Sales Surge Halts Fed's Hand: US Retail Growth Stalls Rate Cut


U.S. retail sales surpassed expectations in March, driven primarily by a surge in online shopping, marking another affirmation of the economy's steady growth trajectory.

A report from the Department of Commerce released earlier this week, following robust employment growth in March and mounting consumer inflation, has intensified speculation that the Federal Reserve might postpone interest rate hikes until September.

Some economists perceive diminishing probabilities of a rate cut this year.

The robust expansion in retail sales prompted Goldman Sachs economists to revise their forecast for first-quarter gross domestic product (GDP) growth upward to 3.1% year-over-year from the previous estimate of 2.5%. This follows a 3.4% growth in the economy in the fourth quarter of last year.

Economists claim that as economic activity accelerates, the pace of inflation tends to ease, potentially deferring the Fed's inclination towards rate cuts. They caution about the likelihood of delaying rate adjustments until the next year due to the absence of moderation in consumer spending and inflation.

Retail sales increased by 0.7% last month, according to the U.S. Census Bureau, Department of Commerce. Additionally, data for February was revised upward to a 0.9% gain, marking the highest level for the year. Despite Reuters economists forecasting a 0.3% rise in retail sales, the actual expansion in March was 4.0% year-over-year.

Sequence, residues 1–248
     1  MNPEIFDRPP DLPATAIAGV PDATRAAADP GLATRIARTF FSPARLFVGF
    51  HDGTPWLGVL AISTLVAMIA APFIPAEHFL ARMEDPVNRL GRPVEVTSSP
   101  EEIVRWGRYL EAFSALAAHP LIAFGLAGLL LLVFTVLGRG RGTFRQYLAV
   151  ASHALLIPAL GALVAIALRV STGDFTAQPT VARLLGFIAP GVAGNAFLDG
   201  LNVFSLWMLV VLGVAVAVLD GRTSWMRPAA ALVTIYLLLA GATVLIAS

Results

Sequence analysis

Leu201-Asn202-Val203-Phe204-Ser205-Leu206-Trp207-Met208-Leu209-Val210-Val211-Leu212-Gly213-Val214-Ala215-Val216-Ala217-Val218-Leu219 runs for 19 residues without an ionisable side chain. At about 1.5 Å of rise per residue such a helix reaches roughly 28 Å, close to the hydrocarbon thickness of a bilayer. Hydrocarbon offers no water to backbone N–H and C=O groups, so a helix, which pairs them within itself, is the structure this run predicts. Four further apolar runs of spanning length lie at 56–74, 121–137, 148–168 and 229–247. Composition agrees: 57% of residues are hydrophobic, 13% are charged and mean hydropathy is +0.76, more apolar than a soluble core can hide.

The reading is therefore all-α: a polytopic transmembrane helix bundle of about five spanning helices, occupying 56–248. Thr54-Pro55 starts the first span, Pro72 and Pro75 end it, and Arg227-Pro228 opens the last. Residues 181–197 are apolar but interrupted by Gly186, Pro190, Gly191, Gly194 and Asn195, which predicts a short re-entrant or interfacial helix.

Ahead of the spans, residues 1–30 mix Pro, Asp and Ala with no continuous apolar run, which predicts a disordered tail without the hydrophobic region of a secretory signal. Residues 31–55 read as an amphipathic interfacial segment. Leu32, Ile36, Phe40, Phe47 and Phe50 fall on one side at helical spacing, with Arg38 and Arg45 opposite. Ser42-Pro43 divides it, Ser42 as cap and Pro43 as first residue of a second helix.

Despite the backdrop of escalating inflation and costs, spending continues its upward trajectory, defying predictions of financial strain among low-income households, buoyed by a robust labor market.

Bank of America's latest credit card data indicates that spending among lower-income households surpasses that of higher-income groups.

Economists observe that while inflation poses challenges for low-income consumers, they also stand to benefit more from a stable labor market, with the most significant wage increases observed among low-income workers since the onset of the pandemic.

Financial markets and the majority of economists have adjusted their forecasts for the timing of the first rate cut from June to September, anticipating two cuts instead of the previously expected three. Nonetheless, some economists speculate that the Fed might initiate its easing cycle in either June or July.

Starting from July of last year, the Federal Reserve has maintained rates within the range of 5.25% to 5.50%. However, as of March 2022, the base interest rate has been elevated by 525 basis points.

Login in Personal Account
Speed is one of the key success factors when it comes to news trading. At Gerchik & Co, order execution speed starts at 1 millisecond. Open a trading account and profit from each news!
Stay on top of the market developments by subscribing to our email newsletter and learn the news you can profit from!